On Sunday, Politico first reported that Gov. Gavin Newsom is expected to choose Laphonza Butler to replace Sen. Dianne Feinstein in the Senate. Feinstein passed away on Sept. 29 at the age of 90.

In a press release, Gov. Newsom said, “An advocate for women and girls, a second-generation fighter for working people, and a trusted adviser to Vice President Harris, Laphonza Butler represents the best of California, and she’ll represent us proudly in the United States Senate.”

Butler, who would become the first openly LGBTQ person to represent California in the Senate, currently serves as the president of EMILY’s List, an American political action committee that aims to help elect Democratic female candidates in favor of abortion rights to office.

She is the first Black woman to lead the organization.

According to her LinkedIn, Butler has also spent time serving as the director of Airbnb, president of California’s largest labor organization, and as a senior adviser to Hillary For America, which was a political organization that helped campaign for Hillary Clinton to become president.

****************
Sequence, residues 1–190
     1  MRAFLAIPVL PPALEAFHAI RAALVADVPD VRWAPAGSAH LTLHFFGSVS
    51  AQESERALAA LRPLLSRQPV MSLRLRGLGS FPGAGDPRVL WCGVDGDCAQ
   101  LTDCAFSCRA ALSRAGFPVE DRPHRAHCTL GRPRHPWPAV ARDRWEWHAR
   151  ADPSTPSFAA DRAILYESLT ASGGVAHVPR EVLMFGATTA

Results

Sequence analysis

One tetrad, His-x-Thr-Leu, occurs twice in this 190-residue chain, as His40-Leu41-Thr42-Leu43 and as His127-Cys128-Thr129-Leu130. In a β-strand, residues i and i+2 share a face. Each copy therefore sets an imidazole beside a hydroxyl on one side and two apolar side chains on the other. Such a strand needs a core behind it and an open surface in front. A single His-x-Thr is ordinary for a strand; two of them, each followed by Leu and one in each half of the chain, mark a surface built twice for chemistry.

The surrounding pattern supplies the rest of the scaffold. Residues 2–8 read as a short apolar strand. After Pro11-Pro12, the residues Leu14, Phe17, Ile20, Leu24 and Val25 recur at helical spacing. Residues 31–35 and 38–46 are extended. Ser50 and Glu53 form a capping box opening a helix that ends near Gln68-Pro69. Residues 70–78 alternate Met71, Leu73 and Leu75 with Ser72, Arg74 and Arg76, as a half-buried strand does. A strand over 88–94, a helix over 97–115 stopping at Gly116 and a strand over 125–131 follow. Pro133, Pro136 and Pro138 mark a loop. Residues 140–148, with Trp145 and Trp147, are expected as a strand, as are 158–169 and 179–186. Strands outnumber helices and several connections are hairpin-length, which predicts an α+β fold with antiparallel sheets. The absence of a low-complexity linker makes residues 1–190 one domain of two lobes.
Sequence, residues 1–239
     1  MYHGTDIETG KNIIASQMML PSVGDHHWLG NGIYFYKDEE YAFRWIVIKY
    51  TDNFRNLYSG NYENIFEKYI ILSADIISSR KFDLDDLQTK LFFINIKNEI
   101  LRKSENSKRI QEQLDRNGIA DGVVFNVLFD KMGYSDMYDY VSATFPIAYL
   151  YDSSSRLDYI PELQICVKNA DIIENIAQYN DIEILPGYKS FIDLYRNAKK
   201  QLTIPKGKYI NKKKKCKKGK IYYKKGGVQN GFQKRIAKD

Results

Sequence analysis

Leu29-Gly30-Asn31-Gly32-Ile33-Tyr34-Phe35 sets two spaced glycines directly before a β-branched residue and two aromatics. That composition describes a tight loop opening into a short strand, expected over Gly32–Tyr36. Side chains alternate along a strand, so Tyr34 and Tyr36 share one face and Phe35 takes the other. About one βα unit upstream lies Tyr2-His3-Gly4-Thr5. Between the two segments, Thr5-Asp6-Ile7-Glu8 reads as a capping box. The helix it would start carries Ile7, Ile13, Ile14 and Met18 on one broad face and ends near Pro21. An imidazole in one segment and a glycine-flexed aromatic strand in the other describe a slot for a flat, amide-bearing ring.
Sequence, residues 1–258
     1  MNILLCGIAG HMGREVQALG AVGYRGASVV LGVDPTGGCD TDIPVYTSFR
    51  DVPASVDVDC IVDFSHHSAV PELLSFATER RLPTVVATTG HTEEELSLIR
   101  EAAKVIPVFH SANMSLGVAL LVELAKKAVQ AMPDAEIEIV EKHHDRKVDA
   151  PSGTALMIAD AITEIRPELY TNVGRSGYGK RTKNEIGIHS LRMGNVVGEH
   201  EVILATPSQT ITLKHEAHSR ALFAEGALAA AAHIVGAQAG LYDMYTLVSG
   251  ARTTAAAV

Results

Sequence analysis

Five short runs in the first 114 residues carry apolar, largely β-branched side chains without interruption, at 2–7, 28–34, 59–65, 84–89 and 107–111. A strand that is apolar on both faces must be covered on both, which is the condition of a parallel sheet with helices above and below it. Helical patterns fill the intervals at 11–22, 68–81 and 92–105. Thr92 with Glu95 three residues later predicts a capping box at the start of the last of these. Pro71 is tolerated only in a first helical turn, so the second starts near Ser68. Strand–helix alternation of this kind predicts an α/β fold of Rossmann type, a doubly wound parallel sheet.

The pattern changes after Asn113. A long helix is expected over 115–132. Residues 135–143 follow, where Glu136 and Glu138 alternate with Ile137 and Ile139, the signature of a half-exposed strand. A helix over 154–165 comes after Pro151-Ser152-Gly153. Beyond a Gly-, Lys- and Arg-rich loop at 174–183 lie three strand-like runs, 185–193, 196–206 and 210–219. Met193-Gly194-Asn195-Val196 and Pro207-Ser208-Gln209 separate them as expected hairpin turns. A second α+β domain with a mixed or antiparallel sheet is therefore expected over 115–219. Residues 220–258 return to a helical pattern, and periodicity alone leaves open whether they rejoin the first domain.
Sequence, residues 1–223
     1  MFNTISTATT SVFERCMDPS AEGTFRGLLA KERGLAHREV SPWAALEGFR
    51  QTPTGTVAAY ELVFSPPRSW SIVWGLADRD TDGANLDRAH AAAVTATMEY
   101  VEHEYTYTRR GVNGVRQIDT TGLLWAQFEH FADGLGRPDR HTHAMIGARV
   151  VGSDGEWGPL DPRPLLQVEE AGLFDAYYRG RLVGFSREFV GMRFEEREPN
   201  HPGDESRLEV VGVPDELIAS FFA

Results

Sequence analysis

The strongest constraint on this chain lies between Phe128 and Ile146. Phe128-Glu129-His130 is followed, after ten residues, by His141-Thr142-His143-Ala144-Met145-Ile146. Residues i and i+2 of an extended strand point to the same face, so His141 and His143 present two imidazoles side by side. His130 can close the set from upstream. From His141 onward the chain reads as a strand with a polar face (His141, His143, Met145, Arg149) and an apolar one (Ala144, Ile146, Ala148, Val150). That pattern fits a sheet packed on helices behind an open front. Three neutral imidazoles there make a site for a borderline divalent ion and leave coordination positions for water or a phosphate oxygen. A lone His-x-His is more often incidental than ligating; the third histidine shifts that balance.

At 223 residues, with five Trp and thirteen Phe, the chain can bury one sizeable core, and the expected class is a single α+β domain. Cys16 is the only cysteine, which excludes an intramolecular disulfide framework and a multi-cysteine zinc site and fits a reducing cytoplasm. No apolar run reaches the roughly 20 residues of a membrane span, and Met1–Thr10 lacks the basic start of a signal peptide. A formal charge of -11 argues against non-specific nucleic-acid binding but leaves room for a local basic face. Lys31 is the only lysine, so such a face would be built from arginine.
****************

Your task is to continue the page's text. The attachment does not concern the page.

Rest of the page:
Butler’s profile says she received her Bachelor of Arts in Political Science and Government from Jackson State University, which is a historically Black college or university (HBCU).

Laphonza Butler
Laphonza Butler, President of EMILY’s List, speaks during an event in Washington, Friday, June 23, 2023. (AP Photo/Susan Walsh)

Politico adds that she worked closely with former California Governor Jerry Brown, “on policies like hiking the minimum wage to $15 per hour and raising taxes for wealthy Californians.”

The organization adds that she also served on the University of California Board of Regents.

Her appointment serves as the fulfillment of a promise made by Gov. Newsom in 2021 to fill the seat vacated by Kamala Harris with a Black woman.

“Newsom earned a bit of time on Saturday when the Senate cleared a stopgap funding bill late in the day, sending it to Biden’s desk for his signature. By that point, however, Newsom and aides were already well on their way to filling the seat, capping a dramatic chapter for the governor and his state and delivering to the Senate its first Black woman since Harris,” Politico wrote.